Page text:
Therapeutic Nuclear Medicine

Part of the series Medical Radiology pp 789-805


Hormesis by Low Dose Radiation Effects: Low-Dose Cancer Risk Modeling Must Recognize Up-Regulation of Protection

  • Ludwig E. FeinendegenAffiliated withHeinrich-Heine-UniversityBrookhaven National Laboratory Email author 
  • , Myron PollycoveAffiliated withSchool of Medicine, University of California San Francisco
  • , Ronald D. NeumannAffiliated withRadiology and Imaging Sciences, Clinical Center, The National Institutes of Health


Ionizing radiation primarily perturbs the basic molecular level proportional to dose, with potential damage propagation to higher levels: cells, tissues, organs, and whole body. There are three types of defenses against damage propagation. These operate deterministically and below a certain impact threshold there is no propagation. Physical static defenses precede metabolic-dynamic defenses acting immediately: scavenging of toxins;—molecular repair, especially of DNA;—removal of damaged cells either by apoptosis, necrosis, phagocytosis, cell differentiation-senescence, or by immune responses,—followed by replacement of lost elements. Another metabolic-dynamic defense arises delayed by up-regulating immediately operating defense mechanisms. Some of these adaptive protections may last beyond a year and all create temporary protection against renewed potentially toxic impacts also from nonradiogenic endogenous sources. Adaptive protections have a maximum after single tissue absorbed doses around 100–200 mSv and disappear with higher doses. Low dose-rates initiate maximum protection likely at lower cell doses delivered repetitively at certain time intervals. Adaptive protection preventing only about 2–3 % of endogenous lifetime cancer risk would fully balance a calculated-induced cancer risk at about 100 mSv, in agreement with epidemiological data and concordant with an hormetic effect. Low-dose-risk modeling must recognize up-regulation of protection.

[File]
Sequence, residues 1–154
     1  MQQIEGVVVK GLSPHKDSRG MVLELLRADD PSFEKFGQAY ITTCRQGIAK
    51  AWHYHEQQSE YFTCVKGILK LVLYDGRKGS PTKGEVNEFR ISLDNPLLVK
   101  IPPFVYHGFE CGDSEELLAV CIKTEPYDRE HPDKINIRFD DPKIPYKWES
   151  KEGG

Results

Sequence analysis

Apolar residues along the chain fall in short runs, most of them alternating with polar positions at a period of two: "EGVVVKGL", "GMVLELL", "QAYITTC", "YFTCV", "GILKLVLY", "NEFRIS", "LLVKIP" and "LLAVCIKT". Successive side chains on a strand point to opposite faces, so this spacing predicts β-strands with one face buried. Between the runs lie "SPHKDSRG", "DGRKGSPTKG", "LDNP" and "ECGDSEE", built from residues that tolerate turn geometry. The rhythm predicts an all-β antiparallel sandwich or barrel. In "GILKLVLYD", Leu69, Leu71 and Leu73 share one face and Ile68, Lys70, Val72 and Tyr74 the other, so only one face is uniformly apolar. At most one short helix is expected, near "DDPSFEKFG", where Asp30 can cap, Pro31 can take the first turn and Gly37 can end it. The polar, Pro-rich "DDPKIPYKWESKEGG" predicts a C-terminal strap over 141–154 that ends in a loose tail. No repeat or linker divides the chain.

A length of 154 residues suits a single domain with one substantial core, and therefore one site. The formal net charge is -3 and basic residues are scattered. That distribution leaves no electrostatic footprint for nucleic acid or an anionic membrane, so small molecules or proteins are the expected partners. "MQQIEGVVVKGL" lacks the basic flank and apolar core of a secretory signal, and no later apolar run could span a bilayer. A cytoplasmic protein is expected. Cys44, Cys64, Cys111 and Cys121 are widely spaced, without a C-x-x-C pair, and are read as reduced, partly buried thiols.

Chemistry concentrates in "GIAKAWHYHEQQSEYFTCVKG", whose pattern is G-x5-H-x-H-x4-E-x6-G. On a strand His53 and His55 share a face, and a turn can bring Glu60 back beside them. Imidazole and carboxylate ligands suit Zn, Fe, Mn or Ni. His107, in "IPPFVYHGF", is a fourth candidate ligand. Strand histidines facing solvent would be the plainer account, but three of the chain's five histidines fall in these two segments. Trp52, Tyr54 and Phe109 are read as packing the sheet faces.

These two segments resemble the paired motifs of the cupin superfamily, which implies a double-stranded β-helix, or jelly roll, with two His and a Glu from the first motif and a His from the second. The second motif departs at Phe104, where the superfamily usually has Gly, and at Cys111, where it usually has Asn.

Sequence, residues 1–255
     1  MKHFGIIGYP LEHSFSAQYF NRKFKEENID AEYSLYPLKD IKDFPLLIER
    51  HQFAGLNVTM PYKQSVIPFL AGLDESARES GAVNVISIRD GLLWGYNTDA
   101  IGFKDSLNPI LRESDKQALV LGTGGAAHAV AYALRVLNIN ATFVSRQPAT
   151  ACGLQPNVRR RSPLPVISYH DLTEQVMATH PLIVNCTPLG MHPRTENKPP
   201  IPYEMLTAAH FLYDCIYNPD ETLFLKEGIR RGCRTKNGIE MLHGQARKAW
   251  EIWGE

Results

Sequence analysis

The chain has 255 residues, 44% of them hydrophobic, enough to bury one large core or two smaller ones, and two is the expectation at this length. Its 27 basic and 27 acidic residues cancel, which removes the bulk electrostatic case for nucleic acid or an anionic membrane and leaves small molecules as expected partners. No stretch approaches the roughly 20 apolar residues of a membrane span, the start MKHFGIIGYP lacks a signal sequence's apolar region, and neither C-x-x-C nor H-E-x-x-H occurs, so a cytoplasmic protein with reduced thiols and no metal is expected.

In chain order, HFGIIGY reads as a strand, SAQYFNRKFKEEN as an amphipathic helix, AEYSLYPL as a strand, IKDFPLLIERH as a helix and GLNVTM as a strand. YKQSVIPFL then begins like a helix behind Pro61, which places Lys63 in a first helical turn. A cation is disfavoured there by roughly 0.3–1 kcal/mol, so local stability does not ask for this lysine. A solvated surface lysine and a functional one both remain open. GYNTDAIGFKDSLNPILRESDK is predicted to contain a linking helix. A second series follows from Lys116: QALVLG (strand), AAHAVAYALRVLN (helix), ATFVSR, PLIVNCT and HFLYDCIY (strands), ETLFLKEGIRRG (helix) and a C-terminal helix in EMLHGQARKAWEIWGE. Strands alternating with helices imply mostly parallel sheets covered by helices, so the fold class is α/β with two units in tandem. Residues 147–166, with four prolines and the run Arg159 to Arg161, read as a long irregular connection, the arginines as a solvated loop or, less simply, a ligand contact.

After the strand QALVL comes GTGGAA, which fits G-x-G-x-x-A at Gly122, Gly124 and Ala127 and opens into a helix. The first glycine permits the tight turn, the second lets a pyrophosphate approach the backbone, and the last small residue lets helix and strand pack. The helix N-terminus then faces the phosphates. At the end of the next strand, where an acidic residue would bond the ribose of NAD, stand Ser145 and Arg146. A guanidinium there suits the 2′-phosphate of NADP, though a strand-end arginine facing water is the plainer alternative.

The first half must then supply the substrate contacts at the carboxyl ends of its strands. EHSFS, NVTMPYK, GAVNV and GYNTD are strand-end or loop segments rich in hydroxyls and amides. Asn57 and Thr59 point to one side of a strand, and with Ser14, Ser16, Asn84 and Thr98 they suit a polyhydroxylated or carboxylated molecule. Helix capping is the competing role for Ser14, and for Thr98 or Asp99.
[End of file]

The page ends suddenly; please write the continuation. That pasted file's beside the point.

Low-dose cancer risk Adaptive protections Hormesis